I‘m currently writing my Bachelor Thesis on (Co-)Homology with local coefficients.
Let me first give the definition of a local coefficient system that I found in [2, p. 257] and [3, p. 35]:
Let $X$ be a topological space. A local coefficient system is a functor from the category $\Pi_1(X)$ (= the fundamental groupoid) to the category AbGrp of abelian groups. Such a functor assigns to each $x \in X$ an abelian group $G(x)$ and to each homotopy class $\xi \in \pi_1(X; x_1, x_2)$ (the set of all endpoint-preserving homotopy classes of paths from $x_1$ to $x_2$) a homomorphism $G(\xi): G(x_2) \to G(x_1)$; these are required to satisfy
(i) if $\xi \in \pi_1(X, x) = \pi_1(X; x, x)$ is the identity, then $G(\xi): G(x) \to G(x)$ is the identity;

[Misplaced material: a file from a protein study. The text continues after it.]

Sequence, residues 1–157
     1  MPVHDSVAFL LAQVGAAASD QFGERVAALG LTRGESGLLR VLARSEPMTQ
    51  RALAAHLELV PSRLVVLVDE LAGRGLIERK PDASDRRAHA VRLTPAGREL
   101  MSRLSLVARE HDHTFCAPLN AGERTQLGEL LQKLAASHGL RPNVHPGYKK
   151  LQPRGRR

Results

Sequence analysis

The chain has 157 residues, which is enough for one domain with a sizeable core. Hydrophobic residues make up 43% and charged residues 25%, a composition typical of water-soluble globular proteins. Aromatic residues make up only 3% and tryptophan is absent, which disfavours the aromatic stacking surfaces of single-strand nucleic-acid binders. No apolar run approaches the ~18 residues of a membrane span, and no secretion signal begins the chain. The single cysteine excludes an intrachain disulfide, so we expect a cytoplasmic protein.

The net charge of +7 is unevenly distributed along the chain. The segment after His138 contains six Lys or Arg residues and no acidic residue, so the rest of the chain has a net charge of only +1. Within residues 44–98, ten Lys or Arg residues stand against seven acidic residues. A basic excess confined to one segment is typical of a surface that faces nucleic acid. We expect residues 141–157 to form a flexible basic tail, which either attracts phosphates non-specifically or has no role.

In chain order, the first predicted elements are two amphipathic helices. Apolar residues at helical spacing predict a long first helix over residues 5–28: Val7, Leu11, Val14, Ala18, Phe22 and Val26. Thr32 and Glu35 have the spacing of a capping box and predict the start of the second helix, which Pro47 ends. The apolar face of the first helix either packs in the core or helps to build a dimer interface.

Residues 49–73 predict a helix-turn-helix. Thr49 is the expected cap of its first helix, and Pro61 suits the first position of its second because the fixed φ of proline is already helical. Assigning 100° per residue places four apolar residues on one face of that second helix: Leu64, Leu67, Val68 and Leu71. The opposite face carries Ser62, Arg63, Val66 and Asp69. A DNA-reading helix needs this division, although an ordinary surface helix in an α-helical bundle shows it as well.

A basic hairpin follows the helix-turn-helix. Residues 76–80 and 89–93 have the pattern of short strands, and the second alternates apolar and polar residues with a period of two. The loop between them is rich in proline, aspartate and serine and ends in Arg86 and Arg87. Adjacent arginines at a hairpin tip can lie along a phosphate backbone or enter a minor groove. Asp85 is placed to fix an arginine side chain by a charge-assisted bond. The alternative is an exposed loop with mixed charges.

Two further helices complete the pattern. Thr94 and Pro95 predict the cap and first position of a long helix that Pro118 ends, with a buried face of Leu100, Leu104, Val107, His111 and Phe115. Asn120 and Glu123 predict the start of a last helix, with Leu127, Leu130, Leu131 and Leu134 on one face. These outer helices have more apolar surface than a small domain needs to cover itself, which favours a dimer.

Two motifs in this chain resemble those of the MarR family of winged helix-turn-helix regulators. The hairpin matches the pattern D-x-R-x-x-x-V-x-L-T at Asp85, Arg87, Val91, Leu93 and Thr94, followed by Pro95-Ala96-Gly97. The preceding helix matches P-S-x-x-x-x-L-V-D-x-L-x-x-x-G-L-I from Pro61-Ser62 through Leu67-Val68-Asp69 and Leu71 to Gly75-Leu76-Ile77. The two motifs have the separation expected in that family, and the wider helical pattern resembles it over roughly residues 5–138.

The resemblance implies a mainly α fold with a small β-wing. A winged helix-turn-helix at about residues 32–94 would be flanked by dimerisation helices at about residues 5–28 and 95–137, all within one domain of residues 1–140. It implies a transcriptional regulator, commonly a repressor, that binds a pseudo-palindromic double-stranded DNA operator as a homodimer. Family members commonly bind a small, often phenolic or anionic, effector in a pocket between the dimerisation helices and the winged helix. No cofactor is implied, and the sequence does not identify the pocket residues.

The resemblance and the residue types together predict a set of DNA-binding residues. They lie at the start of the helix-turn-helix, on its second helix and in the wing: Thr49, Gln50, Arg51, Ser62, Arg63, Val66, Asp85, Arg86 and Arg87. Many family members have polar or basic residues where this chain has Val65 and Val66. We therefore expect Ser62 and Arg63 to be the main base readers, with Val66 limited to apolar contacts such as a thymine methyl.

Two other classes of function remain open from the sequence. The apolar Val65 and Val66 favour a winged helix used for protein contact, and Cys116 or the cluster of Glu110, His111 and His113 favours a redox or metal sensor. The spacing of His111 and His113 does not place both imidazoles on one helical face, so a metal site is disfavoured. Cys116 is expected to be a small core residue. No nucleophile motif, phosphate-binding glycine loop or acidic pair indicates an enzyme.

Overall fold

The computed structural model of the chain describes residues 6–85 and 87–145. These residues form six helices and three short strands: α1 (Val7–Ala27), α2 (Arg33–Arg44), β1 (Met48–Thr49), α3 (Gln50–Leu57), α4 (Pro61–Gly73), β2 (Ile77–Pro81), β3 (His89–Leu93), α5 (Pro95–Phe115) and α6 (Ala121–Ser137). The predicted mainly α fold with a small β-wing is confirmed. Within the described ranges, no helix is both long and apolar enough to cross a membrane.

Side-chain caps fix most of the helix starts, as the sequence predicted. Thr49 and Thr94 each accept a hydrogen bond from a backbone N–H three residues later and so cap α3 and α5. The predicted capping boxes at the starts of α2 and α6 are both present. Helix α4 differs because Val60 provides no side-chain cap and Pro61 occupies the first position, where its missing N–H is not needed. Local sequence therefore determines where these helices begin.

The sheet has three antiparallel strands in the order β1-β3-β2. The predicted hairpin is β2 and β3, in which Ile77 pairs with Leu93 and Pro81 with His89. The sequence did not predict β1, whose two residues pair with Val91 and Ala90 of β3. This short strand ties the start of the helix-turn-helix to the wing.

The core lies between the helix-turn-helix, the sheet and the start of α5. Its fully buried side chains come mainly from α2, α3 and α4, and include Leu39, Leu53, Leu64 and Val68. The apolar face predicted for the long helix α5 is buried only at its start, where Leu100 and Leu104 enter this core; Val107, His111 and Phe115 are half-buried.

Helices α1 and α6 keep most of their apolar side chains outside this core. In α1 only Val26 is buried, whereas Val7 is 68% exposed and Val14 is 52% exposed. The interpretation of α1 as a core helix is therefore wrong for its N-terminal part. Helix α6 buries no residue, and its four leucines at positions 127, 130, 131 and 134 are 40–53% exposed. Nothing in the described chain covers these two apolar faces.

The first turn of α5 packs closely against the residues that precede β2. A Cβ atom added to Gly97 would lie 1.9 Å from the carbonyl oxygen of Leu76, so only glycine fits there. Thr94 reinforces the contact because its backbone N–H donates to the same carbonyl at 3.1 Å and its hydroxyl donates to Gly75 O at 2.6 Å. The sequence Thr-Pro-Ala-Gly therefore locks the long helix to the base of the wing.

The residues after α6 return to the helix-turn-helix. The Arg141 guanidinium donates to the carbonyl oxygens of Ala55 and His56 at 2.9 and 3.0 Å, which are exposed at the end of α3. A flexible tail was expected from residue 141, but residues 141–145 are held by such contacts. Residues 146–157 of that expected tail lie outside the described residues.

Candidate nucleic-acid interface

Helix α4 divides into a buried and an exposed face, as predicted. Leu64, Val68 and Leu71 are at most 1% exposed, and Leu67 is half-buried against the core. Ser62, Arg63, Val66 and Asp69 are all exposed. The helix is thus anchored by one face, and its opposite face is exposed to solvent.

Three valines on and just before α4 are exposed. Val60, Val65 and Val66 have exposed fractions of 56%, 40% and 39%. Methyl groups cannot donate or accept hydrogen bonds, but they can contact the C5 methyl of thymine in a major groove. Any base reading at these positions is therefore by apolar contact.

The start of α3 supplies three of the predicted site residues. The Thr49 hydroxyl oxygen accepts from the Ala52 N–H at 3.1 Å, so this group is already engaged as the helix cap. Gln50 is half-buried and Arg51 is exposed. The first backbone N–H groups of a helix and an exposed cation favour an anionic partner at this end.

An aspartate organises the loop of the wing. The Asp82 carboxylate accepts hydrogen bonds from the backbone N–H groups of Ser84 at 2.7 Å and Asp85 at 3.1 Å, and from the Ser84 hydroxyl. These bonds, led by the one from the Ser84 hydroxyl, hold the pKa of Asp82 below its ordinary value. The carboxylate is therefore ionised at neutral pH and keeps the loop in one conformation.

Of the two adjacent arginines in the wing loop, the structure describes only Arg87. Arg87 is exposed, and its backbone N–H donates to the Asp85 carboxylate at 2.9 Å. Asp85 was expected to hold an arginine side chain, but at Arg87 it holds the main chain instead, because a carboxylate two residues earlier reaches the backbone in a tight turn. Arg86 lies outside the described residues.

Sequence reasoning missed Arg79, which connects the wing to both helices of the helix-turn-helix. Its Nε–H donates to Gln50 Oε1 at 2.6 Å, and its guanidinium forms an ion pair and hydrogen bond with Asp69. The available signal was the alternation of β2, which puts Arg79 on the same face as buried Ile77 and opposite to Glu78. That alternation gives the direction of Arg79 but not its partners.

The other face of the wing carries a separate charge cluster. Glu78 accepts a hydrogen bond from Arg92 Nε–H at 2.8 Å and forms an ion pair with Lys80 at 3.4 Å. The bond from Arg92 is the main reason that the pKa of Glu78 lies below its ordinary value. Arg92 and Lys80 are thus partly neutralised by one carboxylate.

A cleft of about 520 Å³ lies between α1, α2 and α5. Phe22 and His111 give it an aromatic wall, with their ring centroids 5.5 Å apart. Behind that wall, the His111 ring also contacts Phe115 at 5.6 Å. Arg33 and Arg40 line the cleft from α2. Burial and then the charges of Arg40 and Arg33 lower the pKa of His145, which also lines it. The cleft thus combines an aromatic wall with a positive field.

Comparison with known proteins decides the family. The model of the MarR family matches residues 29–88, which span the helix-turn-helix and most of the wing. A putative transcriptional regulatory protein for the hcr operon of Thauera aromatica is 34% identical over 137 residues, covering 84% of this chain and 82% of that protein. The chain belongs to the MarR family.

(ii) if $\xi \in \pi_1(X; x_1, x_2)$, $\eta \in \pi_1(X; x_2, x_3)$, then $G(\xi \eta) = G(\xi) \circ G(\eta): G(x_3) \to G(x_1)$
So my question is:
It is easy to see that every bundle of groups (defined in [1, p. 330]) is a local coefficient system, but I think the converse is not true (as stated without proof in [3, p. 35]), so I am looking for a topological space that has a (non-trivial) local coefficient system which is not a bundle of groups.
Thank you in advance!
 Hatcher, Allen: Algebraic Topology, 2002, https://www.math.cornell.edu/~hatcher/AT/AT.pdf, p. 330
 Whitehead, George: Elements of Homotopy Theory, New York: Springer, 1978 (Graduate Texts in Mathematics Vol. 61), p. 257
 Hutchings, Michael: Introduction to higher homotopy groups and obstruction theory, 2011, https://math.berkeley.edu/~hutching/teach/215b-2011/homotopy.pdf, p. 35